This is what I got:

/bin:/sbin:/usr/bin:/usr/sbin:/usr/X11R6/bin:/usr/local/bin:/usr/local/sbin:/usr/games

I have no idea what that means. Do you?

I do not see "." but I do see ":"

Any thoughts?

Thank you again, I appreciate your patience with all of my questions.
 
Old 11-12-2006, 07:02 PM   #21
chort
Senior Member
 
Registered: Jul 2003
Location: Silicon Valley, USA
Distribution: OpenBSD 4.6, OS X 10.6.2, CentOS 4 & 5
Posts: 3,660

Rep: Reputation: 69
":" is the separator character for UNIX directories in a PATH. On Windows it's ";". That littlerally means "when you type the name of a command, look in the following places for it:"
/bin
/sbin
/usr/bin
/usr/sbin
/usr/X11R6/bin
/usr/local/bin
/usr/local/sbin
/usr/games

If "." was in the path it would look like this (somewhere in between the rest of the directories):
:.:
 
Old 11-15-2006, 06:49 AM   #22
Steve K
LQ Newbie
 
Registered: Nov 2006
Posts: 10

Rep: Reputation: 0
Chkroot issue?

Hi,
An interesting thread. I've downloaded and run the chkrootkit and rkhunter extensions.
I get everything clear, but a warning to check the following:

/dev/.static (directory) /dev/.udev (directory) /dev/.initramfs (directory)

Does this mean anything? Should I be worried?
Have only had linux (ubuntu 6.10) up and running for a few days and have not dowloaded anything not in the repositories.

Thanks

Steve
 
Old 11-15-2006, 09:14 AM   #23
simcox1
Member
 
Registered: Mar 2005
Location: UK
Distribution: Slackware
Posts: 794
Blog Entries: 2

Rep: Reputation: 30
I think you should be safe. You can always check those directories but they're probably empty. You shouldn't need both rkhunter and chrootkit though. They both do similar checks. Whether they interfere with each other I don't know.
 
Old 11-15-2006, 12:13 PM   #24
Steve K
LQ Newbie
 
Registered: Nov 2006
Posts: 10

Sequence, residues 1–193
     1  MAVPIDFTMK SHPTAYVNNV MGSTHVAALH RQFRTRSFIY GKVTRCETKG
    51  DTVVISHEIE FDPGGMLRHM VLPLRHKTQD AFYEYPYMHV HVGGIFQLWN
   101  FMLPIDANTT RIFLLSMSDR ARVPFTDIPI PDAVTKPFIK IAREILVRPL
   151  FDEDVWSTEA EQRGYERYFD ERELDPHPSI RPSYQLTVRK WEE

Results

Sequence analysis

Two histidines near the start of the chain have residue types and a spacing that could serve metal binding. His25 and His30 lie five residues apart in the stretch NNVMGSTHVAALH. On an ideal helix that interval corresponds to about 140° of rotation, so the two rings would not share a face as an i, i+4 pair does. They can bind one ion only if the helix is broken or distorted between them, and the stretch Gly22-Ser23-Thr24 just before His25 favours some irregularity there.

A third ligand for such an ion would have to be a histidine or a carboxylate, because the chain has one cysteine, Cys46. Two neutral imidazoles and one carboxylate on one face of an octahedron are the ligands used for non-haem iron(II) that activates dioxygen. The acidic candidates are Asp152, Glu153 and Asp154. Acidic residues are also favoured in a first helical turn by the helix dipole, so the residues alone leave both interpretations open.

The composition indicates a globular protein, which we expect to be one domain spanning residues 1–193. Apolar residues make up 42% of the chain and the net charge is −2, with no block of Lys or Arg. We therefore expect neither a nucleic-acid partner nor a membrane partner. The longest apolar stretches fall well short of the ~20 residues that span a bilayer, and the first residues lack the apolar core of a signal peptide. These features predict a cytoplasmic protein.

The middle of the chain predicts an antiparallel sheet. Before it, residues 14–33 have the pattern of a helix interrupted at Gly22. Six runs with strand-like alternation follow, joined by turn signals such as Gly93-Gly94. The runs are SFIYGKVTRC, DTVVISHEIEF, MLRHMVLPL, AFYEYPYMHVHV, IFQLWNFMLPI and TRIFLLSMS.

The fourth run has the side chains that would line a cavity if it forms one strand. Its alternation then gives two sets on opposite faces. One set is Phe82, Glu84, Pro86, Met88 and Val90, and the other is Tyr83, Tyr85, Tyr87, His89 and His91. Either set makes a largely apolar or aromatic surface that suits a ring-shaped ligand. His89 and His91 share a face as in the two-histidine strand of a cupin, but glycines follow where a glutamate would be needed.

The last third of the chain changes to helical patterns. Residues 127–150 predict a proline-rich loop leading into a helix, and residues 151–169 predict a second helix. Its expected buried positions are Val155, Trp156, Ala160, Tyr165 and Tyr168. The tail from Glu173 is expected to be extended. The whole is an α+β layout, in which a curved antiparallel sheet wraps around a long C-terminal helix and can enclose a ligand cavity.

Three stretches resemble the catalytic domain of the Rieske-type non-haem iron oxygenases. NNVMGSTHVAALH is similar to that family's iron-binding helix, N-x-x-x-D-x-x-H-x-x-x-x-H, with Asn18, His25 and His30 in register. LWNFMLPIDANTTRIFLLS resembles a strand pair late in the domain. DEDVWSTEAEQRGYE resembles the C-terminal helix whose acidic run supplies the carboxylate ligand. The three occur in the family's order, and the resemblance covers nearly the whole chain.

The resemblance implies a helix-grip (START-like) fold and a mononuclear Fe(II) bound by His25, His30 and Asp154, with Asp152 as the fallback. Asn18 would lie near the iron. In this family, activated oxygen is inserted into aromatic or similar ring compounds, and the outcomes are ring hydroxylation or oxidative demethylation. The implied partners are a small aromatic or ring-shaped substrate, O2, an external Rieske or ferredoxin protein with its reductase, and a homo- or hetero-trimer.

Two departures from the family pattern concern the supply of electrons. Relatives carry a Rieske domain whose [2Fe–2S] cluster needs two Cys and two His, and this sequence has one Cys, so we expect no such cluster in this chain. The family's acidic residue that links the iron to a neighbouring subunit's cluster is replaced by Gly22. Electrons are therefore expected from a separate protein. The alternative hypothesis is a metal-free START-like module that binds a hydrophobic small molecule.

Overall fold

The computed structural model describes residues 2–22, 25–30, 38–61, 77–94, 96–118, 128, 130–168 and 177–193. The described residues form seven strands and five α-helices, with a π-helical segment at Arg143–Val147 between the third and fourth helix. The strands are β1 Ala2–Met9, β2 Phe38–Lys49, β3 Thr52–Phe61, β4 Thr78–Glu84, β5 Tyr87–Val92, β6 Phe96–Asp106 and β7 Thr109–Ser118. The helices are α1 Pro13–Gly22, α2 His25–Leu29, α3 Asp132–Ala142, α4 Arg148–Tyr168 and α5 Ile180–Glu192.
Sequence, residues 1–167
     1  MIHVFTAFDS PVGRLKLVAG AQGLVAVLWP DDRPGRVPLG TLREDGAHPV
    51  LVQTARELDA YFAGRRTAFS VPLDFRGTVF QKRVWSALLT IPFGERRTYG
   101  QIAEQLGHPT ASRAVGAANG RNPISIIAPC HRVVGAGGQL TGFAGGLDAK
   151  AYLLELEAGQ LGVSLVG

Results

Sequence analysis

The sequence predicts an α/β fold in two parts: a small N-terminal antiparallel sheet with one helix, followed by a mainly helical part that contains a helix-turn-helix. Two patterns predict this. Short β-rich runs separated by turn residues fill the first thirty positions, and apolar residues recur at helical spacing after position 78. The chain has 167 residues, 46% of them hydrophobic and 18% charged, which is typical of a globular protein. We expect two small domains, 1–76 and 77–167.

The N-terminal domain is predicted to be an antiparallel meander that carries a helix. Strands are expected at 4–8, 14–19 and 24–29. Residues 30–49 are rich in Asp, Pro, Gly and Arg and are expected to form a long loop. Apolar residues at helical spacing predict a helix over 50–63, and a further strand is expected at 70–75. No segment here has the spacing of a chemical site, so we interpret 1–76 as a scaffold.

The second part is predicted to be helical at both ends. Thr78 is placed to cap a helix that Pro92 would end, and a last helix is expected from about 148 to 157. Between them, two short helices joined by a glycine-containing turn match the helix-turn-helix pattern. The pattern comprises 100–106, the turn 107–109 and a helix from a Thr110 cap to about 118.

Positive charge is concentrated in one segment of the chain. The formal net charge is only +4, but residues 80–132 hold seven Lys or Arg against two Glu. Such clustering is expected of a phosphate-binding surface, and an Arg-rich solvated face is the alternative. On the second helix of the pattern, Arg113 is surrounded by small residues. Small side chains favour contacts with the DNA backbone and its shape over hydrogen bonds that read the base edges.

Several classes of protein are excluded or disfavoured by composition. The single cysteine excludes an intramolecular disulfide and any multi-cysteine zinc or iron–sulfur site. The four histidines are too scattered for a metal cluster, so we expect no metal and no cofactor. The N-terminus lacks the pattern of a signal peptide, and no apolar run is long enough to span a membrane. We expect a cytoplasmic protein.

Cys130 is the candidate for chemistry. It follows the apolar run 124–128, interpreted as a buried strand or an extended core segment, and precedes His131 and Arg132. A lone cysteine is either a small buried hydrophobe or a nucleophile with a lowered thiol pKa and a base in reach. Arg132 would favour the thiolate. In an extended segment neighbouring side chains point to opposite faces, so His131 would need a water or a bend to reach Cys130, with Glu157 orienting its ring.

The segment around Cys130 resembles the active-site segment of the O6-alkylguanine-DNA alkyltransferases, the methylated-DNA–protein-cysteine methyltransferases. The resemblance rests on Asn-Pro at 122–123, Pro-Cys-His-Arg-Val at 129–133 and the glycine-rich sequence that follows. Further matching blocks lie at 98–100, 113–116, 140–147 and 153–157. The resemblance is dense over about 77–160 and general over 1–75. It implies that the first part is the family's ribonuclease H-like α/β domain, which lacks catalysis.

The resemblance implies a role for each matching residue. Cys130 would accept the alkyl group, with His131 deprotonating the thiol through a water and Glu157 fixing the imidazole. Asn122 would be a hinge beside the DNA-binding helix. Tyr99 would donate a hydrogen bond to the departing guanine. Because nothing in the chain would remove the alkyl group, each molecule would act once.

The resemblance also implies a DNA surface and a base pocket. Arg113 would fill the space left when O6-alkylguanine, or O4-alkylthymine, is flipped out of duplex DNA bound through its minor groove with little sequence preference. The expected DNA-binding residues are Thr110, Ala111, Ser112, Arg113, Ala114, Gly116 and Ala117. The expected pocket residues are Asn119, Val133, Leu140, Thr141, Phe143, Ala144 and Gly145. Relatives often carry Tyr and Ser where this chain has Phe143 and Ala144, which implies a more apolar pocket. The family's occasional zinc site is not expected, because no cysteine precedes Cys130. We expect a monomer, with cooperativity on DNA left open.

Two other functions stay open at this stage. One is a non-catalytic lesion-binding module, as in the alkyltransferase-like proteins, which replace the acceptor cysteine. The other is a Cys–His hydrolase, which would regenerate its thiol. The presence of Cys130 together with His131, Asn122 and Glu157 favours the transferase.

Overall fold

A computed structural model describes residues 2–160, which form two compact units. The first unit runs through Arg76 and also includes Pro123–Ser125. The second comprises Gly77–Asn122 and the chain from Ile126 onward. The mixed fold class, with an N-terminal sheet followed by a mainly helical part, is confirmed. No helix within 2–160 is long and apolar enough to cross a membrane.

Rep: Reputation: 0
How to check?

Thanks for this - I'll check out the tutorial later tonight.
How do I check the directories though? (complete newbie)

Thanks again

Steve
 
Old 11-15-2006, 01:01 PM   #25
simcox1
Member
 
Registered: Mar 2005
Location: UK
Distribution: Slackware
Posts: 794
Blog Entries: 2

Rep: Reputation: 30
You can check the contents of a directory with ls. ls -l will give more info on the contents.

ls /dev/.udev

To view hidden files, ie those that begin with a . you use the -a option.

ls -a /dev/.udev

or

ls -la /dev/.udev

for the long form.
 
Old 11-15-2006, 01:03 PM   #26
simcox1
Member
 
Registered: Mar 2005
Location: UK
Distribution: Slackware
Posts: 794
Blog Entries: 2

Rep: Reputation: 30
Have a look at the link in my signature for an excellent tutorial on basic commands.
 
Old 11-15-2006, 06:05 PM   #27
MBA Whore
Member
 
Registered: May 2006
Location: Kansas City, MO
Distribution: Ubuntu / Windows dual boot (for now)
Posts: 515

Original Poster
Rep: Reputation: 30
Is one better than

Quote:
Originally Posted by Steve K
Hi,
An interesting thread. I've downloaded and run the chkrootkit and rkhunter extensions.
Steve, or anyone else reading:

Is there any significant difference between chkrootkit and rkhunter? Let me rephrase to clarify my question: Is there enough of a difference between the two (2) programs to favor one over the other?

Thanks!

/ also n00b
 
Old 11-15-2006, 07:10 PM   #28
unSpawn
Moderator
 
Registered: May 2001
Posts: 26,953
Blog Entries: 54

Rep: Reputation: 2732Reputation: 2732Reputation: 2732Reputation: 2732Reputation: 2732Reputation: 2732Reputation: 2732Reputation: 2732Reputation: 2732Reputation: 2732Reputation: 2732
Is there any significant difference between chkrootkit and rkhunter? Let me rephrase to clarify my question: Is there enough of a difference between the two programs to favor one over the other?

Yes. But before I get there I must remark they are both passive diagnostic tools that look for symptoms.
In short this means that their output can not be trusted on a system that is not properly hardened, audited, maintained. In case of doubt you better run audit tools from a Live CD distro like KNOPPIX-STD, HELIX or equivalent. With hardening I do not only mean 1) the regular steps you must take to protect your investment but also 2) installing a file integrity checker (right after OS install) like Aide, Samhain or tripwire and saving a copy of the binary, config and database off-site, preferably on read-only media. These can be used as authoritative means of verification if your audit tools or package manager fail or if your distro's package manager has weak or nonexistant verification functionality. And to top it of 3) running "preventive measures" (lets call it that for now) like SELinux or GRSecurity if possible. But enough of this.